Aircraft piloted by Captain James McCall, the Commanding Officer of Carrier Airwing 8, VFA-31 “Felix the Cat”, U.S.S. George H.W. Bush, 2017
Aircraft piloted by LCDR Carlisle Lustenberger, VFA-31, “Felix the Cat”, U.S.S. George H.W.Bush,2009
Aircraft piloted by LCDR Carlisle Lustenberger, VFA-31, “Felix the Cat”, U.S.S. George H.W.Bush,2009 Alternate
Aircraft Piloted by LCDR A J Prescott, VFA-87 “Golden Warriors”, U.S.S. George H.W. Bush, 2017
Pilot Unknown United States Navy Strike fighter Tactics instructor programme, 2019
The pylon and stores provided for this release, are provided as follows:
Four external fuel tanks
two GBU-24 bombs
two GBU-16 bombs
two AIM-9x sidewinder missiles
two AIM -9msidewinder missiles
three AIM-120c missiles
A nice approach from Meng as regards the bombs and drop tanks, is that pins are locked in to the pylons, and poly caps are inserted into the drop tanks and bombs, and so the ordinance can be changed should the modeller get fed up with the set up they have. I will also add at this point, that Meng has done a very good job of covering the painting of the ordnance and all the placards for the bombs and missiles in the form of decals, and provided the canopy to by open or closed. The crew ladder can also be depicted deployed or retracted. Meng have supplied masks, for both the wheels and the glazed areas.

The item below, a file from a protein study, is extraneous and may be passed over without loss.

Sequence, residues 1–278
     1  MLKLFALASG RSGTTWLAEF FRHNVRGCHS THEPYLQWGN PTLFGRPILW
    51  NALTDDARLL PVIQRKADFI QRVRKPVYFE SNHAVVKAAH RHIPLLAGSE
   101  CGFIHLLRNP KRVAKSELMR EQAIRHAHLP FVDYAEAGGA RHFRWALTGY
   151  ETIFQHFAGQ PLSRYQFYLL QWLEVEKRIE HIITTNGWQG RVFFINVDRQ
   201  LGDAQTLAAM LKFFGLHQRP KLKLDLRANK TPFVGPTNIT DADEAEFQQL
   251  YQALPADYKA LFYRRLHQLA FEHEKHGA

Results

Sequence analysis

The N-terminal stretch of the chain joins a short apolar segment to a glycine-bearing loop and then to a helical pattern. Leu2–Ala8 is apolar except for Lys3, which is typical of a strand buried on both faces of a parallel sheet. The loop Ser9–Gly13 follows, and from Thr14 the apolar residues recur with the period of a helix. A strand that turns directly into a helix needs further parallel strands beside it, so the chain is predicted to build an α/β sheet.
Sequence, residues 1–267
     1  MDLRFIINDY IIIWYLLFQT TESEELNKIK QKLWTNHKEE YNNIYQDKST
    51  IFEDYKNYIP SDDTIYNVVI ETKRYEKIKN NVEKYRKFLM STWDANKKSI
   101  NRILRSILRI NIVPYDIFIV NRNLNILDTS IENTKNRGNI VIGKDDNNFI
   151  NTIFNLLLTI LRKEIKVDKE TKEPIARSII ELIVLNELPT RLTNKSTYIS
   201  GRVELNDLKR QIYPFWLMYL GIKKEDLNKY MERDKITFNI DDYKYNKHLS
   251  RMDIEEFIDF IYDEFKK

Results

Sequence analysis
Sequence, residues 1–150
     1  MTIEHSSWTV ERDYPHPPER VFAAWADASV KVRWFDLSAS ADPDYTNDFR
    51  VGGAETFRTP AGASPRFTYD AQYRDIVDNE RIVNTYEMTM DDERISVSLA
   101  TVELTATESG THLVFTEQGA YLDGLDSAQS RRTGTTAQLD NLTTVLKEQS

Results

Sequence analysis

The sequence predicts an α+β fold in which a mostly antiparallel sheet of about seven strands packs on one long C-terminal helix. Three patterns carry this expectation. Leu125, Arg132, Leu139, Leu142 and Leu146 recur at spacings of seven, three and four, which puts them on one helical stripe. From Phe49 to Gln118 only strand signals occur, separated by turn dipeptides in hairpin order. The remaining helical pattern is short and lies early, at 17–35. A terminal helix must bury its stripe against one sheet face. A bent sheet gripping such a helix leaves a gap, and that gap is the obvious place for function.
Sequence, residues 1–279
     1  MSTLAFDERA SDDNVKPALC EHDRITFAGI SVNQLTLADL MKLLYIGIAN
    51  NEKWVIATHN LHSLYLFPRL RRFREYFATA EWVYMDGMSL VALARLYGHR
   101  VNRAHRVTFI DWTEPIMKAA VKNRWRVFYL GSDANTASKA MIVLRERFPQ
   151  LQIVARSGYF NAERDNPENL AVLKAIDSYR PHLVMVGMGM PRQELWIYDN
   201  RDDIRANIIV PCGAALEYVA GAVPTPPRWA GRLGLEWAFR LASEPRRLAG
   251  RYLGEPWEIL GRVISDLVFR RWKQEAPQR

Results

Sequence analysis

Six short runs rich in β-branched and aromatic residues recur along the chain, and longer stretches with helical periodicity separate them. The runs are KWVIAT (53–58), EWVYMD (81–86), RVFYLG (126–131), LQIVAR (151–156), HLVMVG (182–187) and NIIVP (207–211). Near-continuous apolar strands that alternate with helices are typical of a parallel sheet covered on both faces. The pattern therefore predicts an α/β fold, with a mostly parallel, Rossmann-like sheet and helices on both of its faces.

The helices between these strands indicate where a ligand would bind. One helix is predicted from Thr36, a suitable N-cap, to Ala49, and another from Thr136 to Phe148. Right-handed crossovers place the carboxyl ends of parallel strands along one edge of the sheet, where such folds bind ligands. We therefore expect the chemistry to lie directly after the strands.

This release by Meng, of a 1/48th scale F/A-18E is possibly the best available in this scale, at this time. During the review, I have pointed out some areas where the modeller may want to go down the after market route, but built straight from the box, you should get a very pleasing model, that will be visually appealing. I am not aware of any inaccuracies in the kit, but that is just my observation.